During the 1896 plague outbreak in Bombay, the British government tried to introduce western medicine to the Indian populace in an effort to control the number of deaths. They also enforced other methods to impede the spread of the disease, such as forcibly admitting people to hospitals and making vaccines mandatory.

However, such attempts were viewed by many locals as means of imperialistic subjugation, especially because the implemented restrictions not only hampered businesses and trade, but also religious and social freedom. As a consequence, these restrictions, which were put in place to save lives (albeit in horrendous ways), resulted in sparking demonstrations, protests, and even riots.


Circa 2020, as India battles another disease, namely COVID-19, a new set of rules and restrictions have been put in place by the states and central government to curb the virus which has already claimed 10,3000 lives. The most important one among these rules, of course, is to wear masks mandatorily in public spaces to avoid contracting the virus. Anyone violating this rule will be ‘committing a punishable offense’, according to section 3 of the Epidemic Diseases Act.

While there has been a sense of compliance with this rule in general so far, especially with the government as well as civil society constantly explaining the need to keep the mask on, there are a few who think that this rule has no efficacy because masks are of no use in the fight against COVID-19. They are India’s anti-masks and anti-vaccines protesters.

Although a much smaller group than their American counterpart — who have made their concerns about precautionary measures against COVID-19 an important poll agenda ahead of voting– in India too, the anti-masks and anti-vaccine movements are gathering steam with protests being organized in several cities. Most recently, on October 2, a group of protesters demonstrated on Mumbai’s Marine drive against the ‘mandatory’ use of mask , and a ‘mandatory vaccine’ (although no such rule has been announced by the government so far).

One of the protestors’ at the venue was Yohan Tengra, an Accounts and Finance graduate, who is currently a research consultant at a Pune-based Functional Nutrition Clinic. Tengra explained that the reason he, along with several others, is against the usage of masks is because masks lack efficacy.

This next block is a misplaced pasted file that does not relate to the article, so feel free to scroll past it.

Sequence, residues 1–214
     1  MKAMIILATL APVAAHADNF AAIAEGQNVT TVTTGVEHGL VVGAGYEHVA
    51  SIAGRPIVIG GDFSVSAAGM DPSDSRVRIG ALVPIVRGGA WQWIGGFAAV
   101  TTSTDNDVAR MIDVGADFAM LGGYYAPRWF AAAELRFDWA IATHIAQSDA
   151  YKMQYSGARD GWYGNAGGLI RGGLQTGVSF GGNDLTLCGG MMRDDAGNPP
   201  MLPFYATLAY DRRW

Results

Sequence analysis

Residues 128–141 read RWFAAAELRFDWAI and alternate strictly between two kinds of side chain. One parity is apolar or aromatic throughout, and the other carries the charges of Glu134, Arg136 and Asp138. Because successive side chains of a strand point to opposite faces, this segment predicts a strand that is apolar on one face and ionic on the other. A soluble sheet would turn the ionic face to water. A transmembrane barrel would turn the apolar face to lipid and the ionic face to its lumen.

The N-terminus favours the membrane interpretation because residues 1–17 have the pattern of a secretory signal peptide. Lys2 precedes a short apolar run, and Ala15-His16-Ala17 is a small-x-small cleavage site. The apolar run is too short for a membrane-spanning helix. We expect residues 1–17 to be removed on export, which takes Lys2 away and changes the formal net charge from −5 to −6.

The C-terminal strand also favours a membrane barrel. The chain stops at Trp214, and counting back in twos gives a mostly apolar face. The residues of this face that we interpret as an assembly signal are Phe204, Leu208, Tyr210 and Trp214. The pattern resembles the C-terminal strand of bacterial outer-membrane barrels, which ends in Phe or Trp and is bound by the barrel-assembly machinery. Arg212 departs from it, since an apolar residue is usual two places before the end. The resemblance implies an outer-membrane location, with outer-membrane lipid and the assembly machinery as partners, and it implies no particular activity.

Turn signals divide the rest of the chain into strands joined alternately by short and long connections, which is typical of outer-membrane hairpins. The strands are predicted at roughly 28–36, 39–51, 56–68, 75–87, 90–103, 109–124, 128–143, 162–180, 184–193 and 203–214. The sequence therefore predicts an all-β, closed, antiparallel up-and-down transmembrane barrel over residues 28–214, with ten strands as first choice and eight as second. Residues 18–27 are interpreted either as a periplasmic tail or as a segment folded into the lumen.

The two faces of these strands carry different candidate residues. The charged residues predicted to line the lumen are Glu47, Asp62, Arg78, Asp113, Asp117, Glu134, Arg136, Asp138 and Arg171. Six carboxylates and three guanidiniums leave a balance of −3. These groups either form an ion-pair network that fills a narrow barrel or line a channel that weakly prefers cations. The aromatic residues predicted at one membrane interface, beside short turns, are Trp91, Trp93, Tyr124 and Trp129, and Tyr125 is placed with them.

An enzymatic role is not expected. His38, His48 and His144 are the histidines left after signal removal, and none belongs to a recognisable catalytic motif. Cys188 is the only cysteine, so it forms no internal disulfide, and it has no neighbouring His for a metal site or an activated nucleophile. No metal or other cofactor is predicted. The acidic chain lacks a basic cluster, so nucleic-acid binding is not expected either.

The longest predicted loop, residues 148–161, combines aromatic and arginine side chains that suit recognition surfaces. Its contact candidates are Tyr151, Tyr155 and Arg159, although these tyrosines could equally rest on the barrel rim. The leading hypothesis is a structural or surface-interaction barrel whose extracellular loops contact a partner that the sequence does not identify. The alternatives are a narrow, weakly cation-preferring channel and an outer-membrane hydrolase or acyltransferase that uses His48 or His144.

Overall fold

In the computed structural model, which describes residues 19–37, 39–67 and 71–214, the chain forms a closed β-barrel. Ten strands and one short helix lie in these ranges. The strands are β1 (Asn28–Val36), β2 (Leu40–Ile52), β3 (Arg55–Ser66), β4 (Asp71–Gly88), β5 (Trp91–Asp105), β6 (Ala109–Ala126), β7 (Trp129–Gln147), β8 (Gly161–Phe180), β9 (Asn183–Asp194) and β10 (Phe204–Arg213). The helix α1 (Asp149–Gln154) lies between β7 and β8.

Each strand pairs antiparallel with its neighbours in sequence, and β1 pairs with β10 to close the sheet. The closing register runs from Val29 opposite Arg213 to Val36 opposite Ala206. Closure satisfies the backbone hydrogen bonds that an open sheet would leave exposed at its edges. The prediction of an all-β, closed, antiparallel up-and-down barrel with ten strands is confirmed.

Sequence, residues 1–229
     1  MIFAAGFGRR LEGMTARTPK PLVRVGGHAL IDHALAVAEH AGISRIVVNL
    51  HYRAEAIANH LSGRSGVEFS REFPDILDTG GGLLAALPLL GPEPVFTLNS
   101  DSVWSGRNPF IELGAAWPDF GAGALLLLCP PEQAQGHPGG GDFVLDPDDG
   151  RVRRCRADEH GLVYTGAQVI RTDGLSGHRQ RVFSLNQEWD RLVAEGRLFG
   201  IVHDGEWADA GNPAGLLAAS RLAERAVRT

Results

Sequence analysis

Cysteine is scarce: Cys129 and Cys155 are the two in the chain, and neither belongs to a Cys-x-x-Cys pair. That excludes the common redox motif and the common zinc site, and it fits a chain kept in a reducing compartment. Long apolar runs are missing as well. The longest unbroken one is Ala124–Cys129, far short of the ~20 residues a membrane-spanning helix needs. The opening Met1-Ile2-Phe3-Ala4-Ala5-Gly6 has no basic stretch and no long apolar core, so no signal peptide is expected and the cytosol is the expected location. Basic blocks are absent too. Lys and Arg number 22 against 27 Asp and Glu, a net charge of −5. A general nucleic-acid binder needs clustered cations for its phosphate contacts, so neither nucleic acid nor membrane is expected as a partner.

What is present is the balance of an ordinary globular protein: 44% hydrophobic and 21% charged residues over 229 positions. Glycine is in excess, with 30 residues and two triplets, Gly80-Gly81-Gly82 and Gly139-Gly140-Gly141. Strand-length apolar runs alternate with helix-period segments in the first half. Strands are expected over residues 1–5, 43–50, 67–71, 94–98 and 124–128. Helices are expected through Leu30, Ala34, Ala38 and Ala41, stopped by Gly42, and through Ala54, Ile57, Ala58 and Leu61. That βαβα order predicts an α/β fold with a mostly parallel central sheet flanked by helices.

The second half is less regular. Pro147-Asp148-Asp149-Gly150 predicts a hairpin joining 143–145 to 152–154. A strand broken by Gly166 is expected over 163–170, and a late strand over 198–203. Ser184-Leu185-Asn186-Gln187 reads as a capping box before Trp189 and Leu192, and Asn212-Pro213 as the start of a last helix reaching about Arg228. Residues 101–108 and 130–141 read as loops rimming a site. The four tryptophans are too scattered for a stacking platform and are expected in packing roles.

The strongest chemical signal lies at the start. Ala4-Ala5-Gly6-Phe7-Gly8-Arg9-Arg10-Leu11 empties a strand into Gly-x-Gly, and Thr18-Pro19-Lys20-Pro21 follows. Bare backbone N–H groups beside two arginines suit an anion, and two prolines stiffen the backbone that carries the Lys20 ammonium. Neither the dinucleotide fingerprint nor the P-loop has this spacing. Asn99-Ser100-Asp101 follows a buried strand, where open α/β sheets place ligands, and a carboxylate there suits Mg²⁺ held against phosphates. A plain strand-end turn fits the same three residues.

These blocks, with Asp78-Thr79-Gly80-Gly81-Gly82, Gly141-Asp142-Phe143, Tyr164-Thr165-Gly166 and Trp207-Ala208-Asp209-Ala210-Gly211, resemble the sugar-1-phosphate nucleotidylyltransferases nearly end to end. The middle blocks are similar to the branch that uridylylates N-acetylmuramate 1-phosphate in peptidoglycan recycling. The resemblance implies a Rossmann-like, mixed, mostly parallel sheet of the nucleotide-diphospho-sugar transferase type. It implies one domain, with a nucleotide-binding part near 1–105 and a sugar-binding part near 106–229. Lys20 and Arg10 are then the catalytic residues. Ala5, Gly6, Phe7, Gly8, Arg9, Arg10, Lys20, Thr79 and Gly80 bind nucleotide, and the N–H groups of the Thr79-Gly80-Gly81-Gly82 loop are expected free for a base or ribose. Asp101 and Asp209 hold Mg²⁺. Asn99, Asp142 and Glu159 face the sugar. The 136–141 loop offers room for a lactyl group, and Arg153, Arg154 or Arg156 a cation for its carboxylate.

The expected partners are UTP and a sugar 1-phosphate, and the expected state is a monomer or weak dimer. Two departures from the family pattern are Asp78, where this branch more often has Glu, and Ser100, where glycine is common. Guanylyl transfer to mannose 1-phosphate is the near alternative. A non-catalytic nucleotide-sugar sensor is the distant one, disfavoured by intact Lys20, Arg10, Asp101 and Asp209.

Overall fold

“We are against masks because they are not effective. They have downstream health consequences for many. However, if someone wants to exercise their free will and wear masks, it is their choice,” said Tengra.

He further added, “There is no policy grade evidence, which is to say that no studies have been done using randomized control trials to show that masks are effective. The only evidence that we have been shown so far is also weak. People are mostly saying, ‘we mandated masks in this country, and cases went down.’ But, these are only circumstantial evidence, and we cannot make out causation from it, because we cannot possibly say that masks caused the rate to get lower.”

While these are interesting arguments, it does not necessarily mean other health experts will throw their masks right away, and stop waiting for a vaccine.

Anant Bhan, a researcher of Bioethics and Health Policy at Global Health explained, “One cannot run randomised trials for things where there is a clear element of risk involved. If you want to do a randomised control for understanding the efficacy of masks, then you need to have a no mask control group, which will inevitable put the lives of the people in that group at risk. It is a classic example, like whether parachutes work or not… no one has ever conducted an RCT for verifying that.”